Table 41: Reporting to police (pdf 13 kb)

Less than half of those who did report it to the police felt that it had been dealt with efficiently, thoroughly and sensitively (43%, 35 respondents) whilst 56% felt that this was not the case.

Table 42: Handling of report (pdf 13 kb)

Three out of five respondents who did not report an incident (61%, 242 respondents) stated that there was a reason for this. The reasons for not reporting the incident(s) to the police were because they felt it would be a waste of time/not serious enough (37%, 88 respondents), that they didn’t think the police would bother (36%, 85 respondents) and that it was verbal not physical abuse (12%, 29 respondents).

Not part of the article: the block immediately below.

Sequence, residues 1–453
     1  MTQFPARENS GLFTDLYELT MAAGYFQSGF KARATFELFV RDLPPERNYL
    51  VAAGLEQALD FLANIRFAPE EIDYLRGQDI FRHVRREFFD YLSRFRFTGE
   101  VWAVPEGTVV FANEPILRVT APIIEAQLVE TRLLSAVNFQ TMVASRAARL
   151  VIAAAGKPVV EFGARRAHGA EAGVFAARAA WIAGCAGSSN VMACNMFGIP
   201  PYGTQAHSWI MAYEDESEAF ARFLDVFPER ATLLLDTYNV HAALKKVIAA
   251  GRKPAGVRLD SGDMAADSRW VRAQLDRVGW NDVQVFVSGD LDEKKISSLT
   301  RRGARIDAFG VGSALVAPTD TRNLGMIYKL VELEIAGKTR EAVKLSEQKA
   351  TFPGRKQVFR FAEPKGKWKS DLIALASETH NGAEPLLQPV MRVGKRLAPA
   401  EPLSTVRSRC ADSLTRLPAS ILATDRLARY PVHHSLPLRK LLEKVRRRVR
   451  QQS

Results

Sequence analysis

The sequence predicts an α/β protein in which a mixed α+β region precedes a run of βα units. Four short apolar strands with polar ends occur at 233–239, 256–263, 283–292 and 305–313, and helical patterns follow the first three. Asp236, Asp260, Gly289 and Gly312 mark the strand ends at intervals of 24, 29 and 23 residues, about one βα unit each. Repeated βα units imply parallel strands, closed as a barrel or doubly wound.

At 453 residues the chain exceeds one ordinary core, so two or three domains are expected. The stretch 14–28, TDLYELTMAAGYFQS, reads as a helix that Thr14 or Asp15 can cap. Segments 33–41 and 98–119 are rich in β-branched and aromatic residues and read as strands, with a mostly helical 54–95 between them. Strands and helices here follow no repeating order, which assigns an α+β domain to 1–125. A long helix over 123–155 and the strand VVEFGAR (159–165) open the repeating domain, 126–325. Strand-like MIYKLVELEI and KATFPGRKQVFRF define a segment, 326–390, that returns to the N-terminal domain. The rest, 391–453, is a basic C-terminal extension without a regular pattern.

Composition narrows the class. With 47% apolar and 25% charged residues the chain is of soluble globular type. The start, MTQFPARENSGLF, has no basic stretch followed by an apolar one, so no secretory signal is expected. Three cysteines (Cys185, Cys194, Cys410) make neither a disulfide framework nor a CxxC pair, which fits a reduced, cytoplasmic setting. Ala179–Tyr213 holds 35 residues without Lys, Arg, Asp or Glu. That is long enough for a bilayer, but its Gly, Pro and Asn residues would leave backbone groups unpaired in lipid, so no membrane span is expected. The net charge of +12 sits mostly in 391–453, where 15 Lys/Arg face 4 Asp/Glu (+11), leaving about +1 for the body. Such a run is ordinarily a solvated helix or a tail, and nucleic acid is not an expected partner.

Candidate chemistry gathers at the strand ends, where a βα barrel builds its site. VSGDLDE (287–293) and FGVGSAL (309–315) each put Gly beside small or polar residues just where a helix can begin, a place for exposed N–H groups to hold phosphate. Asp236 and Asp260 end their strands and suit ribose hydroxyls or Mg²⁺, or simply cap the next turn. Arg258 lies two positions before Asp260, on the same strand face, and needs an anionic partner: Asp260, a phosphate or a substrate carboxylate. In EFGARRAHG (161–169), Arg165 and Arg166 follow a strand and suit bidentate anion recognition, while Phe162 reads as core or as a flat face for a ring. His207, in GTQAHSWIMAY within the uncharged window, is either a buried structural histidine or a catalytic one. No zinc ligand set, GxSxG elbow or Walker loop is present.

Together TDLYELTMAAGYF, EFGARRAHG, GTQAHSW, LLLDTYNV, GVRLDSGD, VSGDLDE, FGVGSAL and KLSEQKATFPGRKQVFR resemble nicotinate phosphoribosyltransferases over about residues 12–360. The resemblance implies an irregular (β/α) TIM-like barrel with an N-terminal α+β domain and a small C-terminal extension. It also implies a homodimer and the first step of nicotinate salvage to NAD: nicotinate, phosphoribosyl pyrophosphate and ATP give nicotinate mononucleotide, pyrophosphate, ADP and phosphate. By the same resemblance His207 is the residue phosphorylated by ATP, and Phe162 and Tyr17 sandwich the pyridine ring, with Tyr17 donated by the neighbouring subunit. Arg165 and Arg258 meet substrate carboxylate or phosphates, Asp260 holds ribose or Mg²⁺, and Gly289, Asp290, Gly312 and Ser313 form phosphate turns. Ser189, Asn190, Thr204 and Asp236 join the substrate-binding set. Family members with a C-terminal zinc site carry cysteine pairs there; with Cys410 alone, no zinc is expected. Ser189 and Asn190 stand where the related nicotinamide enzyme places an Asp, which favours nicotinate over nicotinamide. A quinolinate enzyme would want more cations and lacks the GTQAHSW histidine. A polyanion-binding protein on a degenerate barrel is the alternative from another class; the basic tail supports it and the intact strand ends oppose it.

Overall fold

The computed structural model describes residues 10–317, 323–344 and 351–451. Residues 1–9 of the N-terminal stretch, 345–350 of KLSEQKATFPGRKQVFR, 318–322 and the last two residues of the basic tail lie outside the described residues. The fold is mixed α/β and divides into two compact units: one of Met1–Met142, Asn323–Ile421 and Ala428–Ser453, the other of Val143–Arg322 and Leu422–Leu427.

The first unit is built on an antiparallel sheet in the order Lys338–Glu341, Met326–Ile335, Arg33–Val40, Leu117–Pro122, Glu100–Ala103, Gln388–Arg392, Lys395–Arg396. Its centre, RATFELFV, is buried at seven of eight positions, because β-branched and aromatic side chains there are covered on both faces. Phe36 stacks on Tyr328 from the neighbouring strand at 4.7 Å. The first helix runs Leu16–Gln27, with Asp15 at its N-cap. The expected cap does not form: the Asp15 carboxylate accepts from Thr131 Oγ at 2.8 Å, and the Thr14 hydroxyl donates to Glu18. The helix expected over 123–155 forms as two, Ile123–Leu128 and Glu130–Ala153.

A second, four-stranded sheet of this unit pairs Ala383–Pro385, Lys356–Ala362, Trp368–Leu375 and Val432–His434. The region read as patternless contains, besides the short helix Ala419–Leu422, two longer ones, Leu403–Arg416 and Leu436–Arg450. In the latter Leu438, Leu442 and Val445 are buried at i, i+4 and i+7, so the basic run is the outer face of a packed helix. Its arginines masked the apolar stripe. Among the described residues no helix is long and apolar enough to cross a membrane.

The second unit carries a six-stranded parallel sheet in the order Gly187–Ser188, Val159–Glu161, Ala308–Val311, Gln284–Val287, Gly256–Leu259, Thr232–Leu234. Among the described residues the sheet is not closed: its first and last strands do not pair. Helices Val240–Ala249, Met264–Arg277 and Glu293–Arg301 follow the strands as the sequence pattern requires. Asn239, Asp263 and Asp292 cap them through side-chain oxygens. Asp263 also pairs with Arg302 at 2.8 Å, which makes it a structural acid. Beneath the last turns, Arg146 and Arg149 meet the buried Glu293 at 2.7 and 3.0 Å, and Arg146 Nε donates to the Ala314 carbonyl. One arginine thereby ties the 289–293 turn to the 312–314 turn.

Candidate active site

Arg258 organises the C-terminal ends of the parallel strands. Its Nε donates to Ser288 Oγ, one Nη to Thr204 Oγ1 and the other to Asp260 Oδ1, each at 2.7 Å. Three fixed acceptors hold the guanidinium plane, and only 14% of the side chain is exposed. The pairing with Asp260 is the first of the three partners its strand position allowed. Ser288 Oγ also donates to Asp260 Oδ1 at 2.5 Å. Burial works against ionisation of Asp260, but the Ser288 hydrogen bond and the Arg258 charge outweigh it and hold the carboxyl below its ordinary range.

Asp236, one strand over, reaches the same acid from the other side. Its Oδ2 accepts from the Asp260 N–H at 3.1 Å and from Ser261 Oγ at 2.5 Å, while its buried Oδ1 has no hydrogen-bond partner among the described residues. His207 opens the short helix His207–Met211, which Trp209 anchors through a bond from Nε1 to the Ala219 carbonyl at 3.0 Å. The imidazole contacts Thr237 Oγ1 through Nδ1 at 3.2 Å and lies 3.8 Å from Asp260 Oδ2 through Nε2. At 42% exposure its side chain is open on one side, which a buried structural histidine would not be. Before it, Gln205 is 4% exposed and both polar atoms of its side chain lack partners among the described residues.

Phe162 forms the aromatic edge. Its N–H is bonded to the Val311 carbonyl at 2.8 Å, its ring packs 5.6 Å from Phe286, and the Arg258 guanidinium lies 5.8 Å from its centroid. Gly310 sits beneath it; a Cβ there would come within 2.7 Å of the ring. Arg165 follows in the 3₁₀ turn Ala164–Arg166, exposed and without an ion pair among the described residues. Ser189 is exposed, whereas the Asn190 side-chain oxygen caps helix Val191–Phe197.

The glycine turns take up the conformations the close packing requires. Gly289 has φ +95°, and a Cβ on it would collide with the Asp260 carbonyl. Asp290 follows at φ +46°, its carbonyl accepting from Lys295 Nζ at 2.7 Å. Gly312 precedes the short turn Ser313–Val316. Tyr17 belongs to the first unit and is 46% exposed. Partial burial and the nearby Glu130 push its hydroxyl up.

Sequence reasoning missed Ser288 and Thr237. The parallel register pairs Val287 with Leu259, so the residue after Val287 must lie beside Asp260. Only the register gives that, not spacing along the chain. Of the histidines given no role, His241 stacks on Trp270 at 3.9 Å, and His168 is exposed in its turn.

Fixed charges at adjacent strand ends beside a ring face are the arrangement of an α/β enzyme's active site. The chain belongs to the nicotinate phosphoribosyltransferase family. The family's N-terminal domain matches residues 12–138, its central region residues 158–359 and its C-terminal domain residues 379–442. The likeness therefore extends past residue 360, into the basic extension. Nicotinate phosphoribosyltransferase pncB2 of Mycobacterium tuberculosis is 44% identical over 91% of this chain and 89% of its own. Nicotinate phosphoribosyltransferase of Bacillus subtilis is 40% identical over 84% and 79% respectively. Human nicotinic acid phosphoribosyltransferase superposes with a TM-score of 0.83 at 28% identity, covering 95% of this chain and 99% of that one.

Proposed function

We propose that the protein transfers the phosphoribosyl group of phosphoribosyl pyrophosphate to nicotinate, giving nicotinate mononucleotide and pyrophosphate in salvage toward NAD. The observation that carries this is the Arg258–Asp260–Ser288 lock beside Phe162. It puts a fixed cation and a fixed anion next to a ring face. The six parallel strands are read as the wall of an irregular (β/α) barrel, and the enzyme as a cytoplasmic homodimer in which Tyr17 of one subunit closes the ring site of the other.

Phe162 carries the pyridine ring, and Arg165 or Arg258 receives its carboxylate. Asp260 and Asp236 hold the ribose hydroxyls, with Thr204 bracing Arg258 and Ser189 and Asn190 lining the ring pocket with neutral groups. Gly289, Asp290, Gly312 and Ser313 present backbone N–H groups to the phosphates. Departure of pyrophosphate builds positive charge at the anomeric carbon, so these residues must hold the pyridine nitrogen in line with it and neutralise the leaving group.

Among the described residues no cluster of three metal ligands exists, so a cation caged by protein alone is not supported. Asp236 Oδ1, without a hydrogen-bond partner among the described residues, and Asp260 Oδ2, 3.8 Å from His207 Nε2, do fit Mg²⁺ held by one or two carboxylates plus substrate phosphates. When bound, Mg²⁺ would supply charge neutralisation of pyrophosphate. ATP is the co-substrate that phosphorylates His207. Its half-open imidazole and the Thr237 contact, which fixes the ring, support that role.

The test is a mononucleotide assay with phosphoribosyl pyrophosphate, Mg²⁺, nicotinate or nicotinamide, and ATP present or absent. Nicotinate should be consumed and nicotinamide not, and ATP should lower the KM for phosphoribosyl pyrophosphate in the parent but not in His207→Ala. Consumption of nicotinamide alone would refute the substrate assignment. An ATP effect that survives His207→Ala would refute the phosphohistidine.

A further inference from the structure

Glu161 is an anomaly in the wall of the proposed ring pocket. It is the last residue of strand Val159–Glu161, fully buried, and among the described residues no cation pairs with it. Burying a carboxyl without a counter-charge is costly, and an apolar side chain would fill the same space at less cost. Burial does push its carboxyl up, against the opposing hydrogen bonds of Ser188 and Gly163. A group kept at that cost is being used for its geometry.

Table 43: Reasons for non reporting (pdf 14 kb)

There was a suggestion from a focus group participant that “there has to be a directive from the Scottish Parliament to make it clear that the police have no business in interpreting their priorities according to race, gender or any of the ‘Equality’ groups.”, as there was a perceived institutional homophobia against LGBT people. There was also the suggestion to issue each complainant with an incident number and to allow them to tick boxes to authorise particular groups, in an advocacy capacity, to be allowed to progress the complaint on their behalf. This was seen to be a step in the right direction. Both contributors felt that work still required to be done with the police and with society in general to increase understanding and acceptance of LGBT people.

safety in specific locations